9. Vishal Sikka’s 5-point strategy a hit at Infosys, Varun Sood & Jochelle Mendonca, The Economic Times, Aug 18, 2014
  10. Attrition-wary Vishal Sikka promotes 5000 Infosys employees, Moneycontrol.com, 08 Aug 2014
  11.  Confident of Infosys’s future: Vishal Sikka, Anirban Sen, liveMint, 31 Jul, 2014
  12. Infosys attrition at all-time high, The Hindu, 15 April, 2014
  13. Is employee attrition the biggest challenge for Infosys? Shishir Asthana, March 13, 2014, Business Standard

Week #35[Book of the Week] Jumping the S-Curve: How to beat the growth cycle, get on top, and stay there

JumpingTheSCurve_Jumping the S-Curve, reveals how the to companies get to where they are and more importantly, how they stay there. Authors, Paul Nunes and Tim Breene build on extensive research they carried out over several years, to show how successful companies successfully navigate the S-curve(s) of business success. In the book they point out the folly of several leaders who focus only on the ‘visible’ part of the S-curve while planning the strategy for their companies. (The visible S-curve is where companies start off small with a few early adopter clients/users, grows rapidly as the demand for the product/service swells and finally peaks and flattens off as the market matures/saturates)

The authors make a distinction between high performing leaders and others as,

The ability to both climb and jump S-curves is what separates high performers from those that never manage to translate a brief period of accomplishment with a single winning offering into a string of business successes.

In the book the authors point out how in most companies, the management (and leadership) is focused on managing the growth curve and rarely take the effort to understand and address the hidden S-curves.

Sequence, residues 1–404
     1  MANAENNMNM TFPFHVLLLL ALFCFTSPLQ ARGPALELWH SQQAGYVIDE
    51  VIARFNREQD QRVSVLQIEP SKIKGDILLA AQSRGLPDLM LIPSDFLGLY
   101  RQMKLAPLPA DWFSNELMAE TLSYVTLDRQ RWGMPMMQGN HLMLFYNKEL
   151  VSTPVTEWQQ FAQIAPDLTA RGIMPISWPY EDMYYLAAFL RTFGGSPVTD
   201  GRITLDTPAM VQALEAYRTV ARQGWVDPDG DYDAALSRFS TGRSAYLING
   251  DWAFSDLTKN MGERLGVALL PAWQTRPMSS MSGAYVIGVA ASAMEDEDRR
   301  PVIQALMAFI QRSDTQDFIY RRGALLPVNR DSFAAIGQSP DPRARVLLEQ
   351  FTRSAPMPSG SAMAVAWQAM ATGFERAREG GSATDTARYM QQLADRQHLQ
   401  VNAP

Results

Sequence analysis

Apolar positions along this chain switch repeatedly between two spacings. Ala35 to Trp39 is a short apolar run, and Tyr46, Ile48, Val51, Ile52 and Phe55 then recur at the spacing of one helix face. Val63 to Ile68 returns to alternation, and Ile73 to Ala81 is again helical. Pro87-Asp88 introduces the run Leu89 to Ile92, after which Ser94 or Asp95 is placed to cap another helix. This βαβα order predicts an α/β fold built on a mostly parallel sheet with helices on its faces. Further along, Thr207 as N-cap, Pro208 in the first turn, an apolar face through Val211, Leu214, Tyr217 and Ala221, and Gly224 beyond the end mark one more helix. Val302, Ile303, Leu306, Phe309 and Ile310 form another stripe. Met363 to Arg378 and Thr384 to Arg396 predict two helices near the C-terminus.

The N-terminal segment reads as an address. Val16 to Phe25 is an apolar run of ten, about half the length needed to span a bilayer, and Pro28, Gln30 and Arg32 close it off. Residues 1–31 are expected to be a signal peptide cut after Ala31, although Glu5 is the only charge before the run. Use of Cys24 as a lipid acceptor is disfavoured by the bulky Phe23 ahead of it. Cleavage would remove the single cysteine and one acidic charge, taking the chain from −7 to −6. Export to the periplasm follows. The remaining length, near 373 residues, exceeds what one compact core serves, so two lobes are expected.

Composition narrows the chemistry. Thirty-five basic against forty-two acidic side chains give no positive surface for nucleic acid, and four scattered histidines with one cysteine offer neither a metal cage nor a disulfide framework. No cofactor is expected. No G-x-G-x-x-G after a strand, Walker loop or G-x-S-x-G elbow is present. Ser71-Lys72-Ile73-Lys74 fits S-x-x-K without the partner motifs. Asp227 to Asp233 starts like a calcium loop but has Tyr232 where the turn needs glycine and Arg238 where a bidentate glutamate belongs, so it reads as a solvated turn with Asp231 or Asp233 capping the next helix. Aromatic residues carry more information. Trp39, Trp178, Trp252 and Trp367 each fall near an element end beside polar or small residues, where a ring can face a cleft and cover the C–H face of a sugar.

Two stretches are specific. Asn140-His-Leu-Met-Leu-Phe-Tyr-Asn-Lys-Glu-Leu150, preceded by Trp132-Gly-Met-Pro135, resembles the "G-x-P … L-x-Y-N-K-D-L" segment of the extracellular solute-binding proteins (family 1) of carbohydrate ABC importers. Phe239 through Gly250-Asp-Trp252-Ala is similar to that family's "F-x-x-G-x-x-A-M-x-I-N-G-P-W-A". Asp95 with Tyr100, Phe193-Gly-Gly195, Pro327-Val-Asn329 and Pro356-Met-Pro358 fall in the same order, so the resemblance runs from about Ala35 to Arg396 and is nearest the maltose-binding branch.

The hidden S-curves the authors talk about in the book are:

  • The hidden competition curve: The impact of this curve is that because of innovation and other market condition changes, before the business hits its revenue peak, the basis of competition on which it was founded expires.
  • The hidden capabilities curve: In creating capabilities to ride the revenue S-curve, companies create capabilities that they might not be aware till its too late. By the time they are aware of those unknown capabilities in the organization the market would have changed and the company would need to develop new capabilities to compete.
  • The hidden talent curve: While putting substantial efforts in scouting for new talent, companies often are unable to retain the talent they already have. The authors refer to the inability of companies to retain what they call ‘serious talent’: people with both the capability and the will to drive business growth.

The book is a call to management to focus on what the authors call is the ‘real agenda’ – to understand how high performers create an organization that manages to all four curves simultaneously.

The quick answer?

They do so by engaging in three distinct management practices:

  • Creating strategy in a way that is “edge-centric;”
  • Changing the top team well before it appears necessary; and
  • Ensuring that they have more talent than seems required by becoming hothouses of talent.

Our Ratings:

JumpingScurvesRatingFurther Reading:

Jumping the S-curve: How to sustain long term performance, Outlook Journal, Accenture, February 2011

And here are the authors talking about the book:

Rise of ERGs as an Employee Engagement Initiative.